positive psychiatry treatment

What is Positive Psychiatry Treatment?

Positive Psychiatry Treatment

“The goal is to produce mental health not to merely alleviate mental illness.”  ~ George Vaillant

 positive psychiatry treatment

My Patients, Coping and Positive Psychiatry

As a psychiatrist, I found myself interested in the wellbeing of the patients who were struggling for long periods of time with chronic depression, anxiety or even ADHD. I observed that they usually did not develop a healthy way to cope with the stress of daily life, such as exercising regularly, having positive mindset, asking for help when needed, etc. I realized that the biological treatments, such as medications, and more recently Transcranial Magnetic Stimulation, were able to bring the patient to a level where they could start being interested in developing other aspects of their lives that would then move them to better overall wellness. One type of Psychiatry I use, Positive psychiatry, as George Vaillant said, “is meant to produce better mental health and not only alleviate mental illness.”

 

Definition of Positive Psychiatry

One definition of positive psychiatry describes it as the “science and practice of psychiatry that seeks to understand and promote well-being through assessments and interventions aimed at enhancing the Positive Psychosocial Factors (resilience, optimism and social engagement).”

This points to the realization that we cannot just look at managing mental health in isolation-we must look to improve the overall health of the individual. The World Health Organization has defined health, not as an absence of sickness or disease, but as a state of complete mental, physical, and social well-being.  And there is a growing body of research that shows that higher levels of positive psychosocial characteristics (PPCs) such as optimism, resilience, and social engagement are associated with objectively measured better health outcomes, which include living longer, as well as with people’s feelings of well-being.

Positive psychiatry is rooted in biology and tries to figure out the underlying biological causes of positive psychosocial characteristics and eventually tries to increase health and well-being through psychosocial/behavioral and biological interventions.

 

Positive Psychiatry and Promoting Well-Being

There are a couple positive interventions which have been reported to promote wellness, as well as preventing and treating mental illness. For example, research has indicated that setting personal goals, practicing optimism, and using character strengths have been shown to enhance well-being and relieve depressive symptoms.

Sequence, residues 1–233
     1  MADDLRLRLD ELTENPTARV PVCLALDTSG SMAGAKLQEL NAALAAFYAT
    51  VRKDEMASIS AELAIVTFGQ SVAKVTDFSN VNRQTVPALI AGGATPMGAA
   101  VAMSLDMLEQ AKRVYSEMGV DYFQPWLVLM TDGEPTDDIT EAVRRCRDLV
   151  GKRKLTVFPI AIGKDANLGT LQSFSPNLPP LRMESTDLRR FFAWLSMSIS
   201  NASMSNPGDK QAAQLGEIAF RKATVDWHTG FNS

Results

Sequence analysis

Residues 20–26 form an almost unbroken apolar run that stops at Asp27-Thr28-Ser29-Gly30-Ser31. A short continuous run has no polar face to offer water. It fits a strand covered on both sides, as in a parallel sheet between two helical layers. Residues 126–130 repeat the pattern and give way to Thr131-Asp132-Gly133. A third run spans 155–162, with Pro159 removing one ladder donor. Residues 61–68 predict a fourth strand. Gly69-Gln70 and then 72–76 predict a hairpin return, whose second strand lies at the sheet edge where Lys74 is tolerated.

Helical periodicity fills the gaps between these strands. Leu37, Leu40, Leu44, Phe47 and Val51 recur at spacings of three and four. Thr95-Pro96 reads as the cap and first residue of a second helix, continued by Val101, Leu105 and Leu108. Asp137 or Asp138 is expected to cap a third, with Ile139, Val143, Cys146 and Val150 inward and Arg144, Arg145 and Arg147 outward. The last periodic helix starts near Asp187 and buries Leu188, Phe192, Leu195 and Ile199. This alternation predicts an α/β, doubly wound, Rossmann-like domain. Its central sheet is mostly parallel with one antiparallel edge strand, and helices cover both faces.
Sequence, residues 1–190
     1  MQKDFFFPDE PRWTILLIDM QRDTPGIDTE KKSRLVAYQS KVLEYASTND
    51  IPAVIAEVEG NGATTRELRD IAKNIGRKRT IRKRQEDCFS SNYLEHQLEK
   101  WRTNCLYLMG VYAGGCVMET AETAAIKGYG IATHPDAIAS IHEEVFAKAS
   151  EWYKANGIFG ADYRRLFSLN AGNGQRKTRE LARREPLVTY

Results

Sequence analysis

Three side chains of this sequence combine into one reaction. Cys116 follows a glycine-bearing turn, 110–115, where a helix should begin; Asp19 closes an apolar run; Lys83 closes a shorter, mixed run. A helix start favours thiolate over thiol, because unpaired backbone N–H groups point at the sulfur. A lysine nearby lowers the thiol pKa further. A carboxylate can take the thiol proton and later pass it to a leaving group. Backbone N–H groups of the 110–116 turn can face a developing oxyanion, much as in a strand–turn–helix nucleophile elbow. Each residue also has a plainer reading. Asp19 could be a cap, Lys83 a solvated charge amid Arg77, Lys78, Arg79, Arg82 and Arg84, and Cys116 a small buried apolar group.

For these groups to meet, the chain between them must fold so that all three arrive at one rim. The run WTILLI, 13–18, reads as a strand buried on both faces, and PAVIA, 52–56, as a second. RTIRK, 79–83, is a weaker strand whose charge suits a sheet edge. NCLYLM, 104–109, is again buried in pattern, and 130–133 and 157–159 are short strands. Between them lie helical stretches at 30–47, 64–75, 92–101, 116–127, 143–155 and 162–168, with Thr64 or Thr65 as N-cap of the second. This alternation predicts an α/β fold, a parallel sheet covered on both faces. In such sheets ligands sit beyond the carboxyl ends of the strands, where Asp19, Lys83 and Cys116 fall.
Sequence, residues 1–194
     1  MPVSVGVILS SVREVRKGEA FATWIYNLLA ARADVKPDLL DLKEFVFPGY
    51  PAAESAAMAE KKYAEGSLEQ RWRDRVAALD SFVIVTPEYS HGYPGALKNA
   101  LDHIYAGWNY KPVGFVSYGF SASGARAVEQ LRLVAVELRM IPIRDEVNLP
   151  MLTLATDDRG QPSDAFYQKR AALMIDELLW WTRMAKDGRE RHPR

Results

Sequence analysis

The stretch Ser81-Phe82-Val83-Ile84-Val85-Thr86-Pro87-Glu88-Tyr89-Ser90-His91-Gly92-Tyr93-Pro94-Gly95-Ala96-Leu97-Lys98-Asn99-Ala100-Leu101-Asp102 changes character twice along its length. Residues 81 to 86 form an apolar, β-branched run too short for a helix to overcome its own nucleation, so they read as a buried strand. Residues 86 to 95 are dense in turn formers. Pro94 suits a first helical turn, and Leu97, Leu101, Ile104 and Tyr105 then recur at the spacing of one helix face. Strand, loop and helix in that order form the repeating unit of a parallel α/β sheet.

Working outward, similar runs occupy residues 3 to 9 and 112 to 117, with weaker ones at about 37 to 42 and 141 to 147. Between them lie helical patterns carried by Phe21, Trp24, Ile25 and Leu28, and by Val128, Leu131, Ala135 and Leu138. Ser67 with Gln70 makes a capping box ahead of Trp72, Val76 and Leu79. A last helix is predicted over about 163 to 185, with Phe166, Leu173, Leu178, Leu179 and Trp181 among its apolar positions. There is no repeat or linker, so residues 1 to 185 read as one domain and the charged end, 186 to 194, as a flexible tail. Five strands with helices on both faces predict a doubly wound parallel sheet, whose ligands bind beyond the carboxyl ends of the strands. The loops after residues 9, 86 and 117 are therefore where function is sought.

Positive Psychiatry and Lifestyle Interventions

There are several lifestyle interventions which we encourage our patients to practice. The first is exercise.  Exercise has been found to be as effective as medication for patients with mild to major depression and it is also shown to have longer lasting results. One study showed that moderate exercise may also help prevent depression. In addition to helping with depression, physical activity has been shown to optimize learning by improving impulse control, attention, arousal and also reduces learned helplessness. We also recommend some form of meditation. It doesn’t matter which kind you choose. Meditative practices such as tai chi, qigong, and mindfulness meditation also have a place in the clinical setting and have been shown to enhance positive affect, decrease anxiety and negative affect, and have potential benefits across a range of psychiatric conditions. Moreover, many people find that yoga has a beneficial impact in reducing stress and inflammation as well as improving immune function and overall health.

Research has also shown that eating a healthy diet can reduce the risk of severe depression, while junk food, sugar, and processed meats may increase depressive symptoms. And most of us know that of all diets, the Mediterranean diet has been associated with decreased risk of late-life depression and cognitive dysfunction.

Additionally, we encourage and educate our patients on the importance of good sleep hygiene. This can make a big difference in the quality of sleep and quality of life. Decreasing alcohol, nicotine and caffeine intake; increasing physical activity; and keeping the bedroom dark and free of distractions like a cellphone, tablet or computer, are well-documented strategies to improve sleep.

Positive psychology is an integrative treatment approach that we practice here at Midtown Psychiatry & TMS Center. If you are interested in a consultation-feel free to contact Daniela White, M.D. Psychiatrist at 713-426-3100.

References:

  1. World Health Organization. WHO Definition of Health. http://www.who.int/about/definition/en/print.html. Accessed October 13, 2014.
  2. Diener E, Chan MY. Happy people live longer: subjective well-being contributes to health and longevity. Applied Psychology: Health and Well-Being. 2011;3:1–43. doi:10.1111/j.1758-0854.2010.01045.x
  3. Rasmussen HN, Scheier MF, Greenhouse JB. Optimism and physical health: a meta-analytic review. Ann Behav Med. 2009;37(3):239–256. PubMed doi:10.1007/s12160-009-9111-x Show Abstract
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  6. Blumenthal JA, Babyak MA, Doraiswamy PM, et al. Exercise and pharmacotherapy in the treatment of major depressive disorder. Psychosom Med. 2007;69(7):587–596. PubMed doi:10.1097/PSY.0b013e318148c19a Show Abstract
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  10. Arora S, Bhattacharjee J. Modulation of immune responses in stress by yoga. Int J Yoga. 2008;1(2):45–55. PubMed doi:10.4103/0973-6131.43541 Show Abstract
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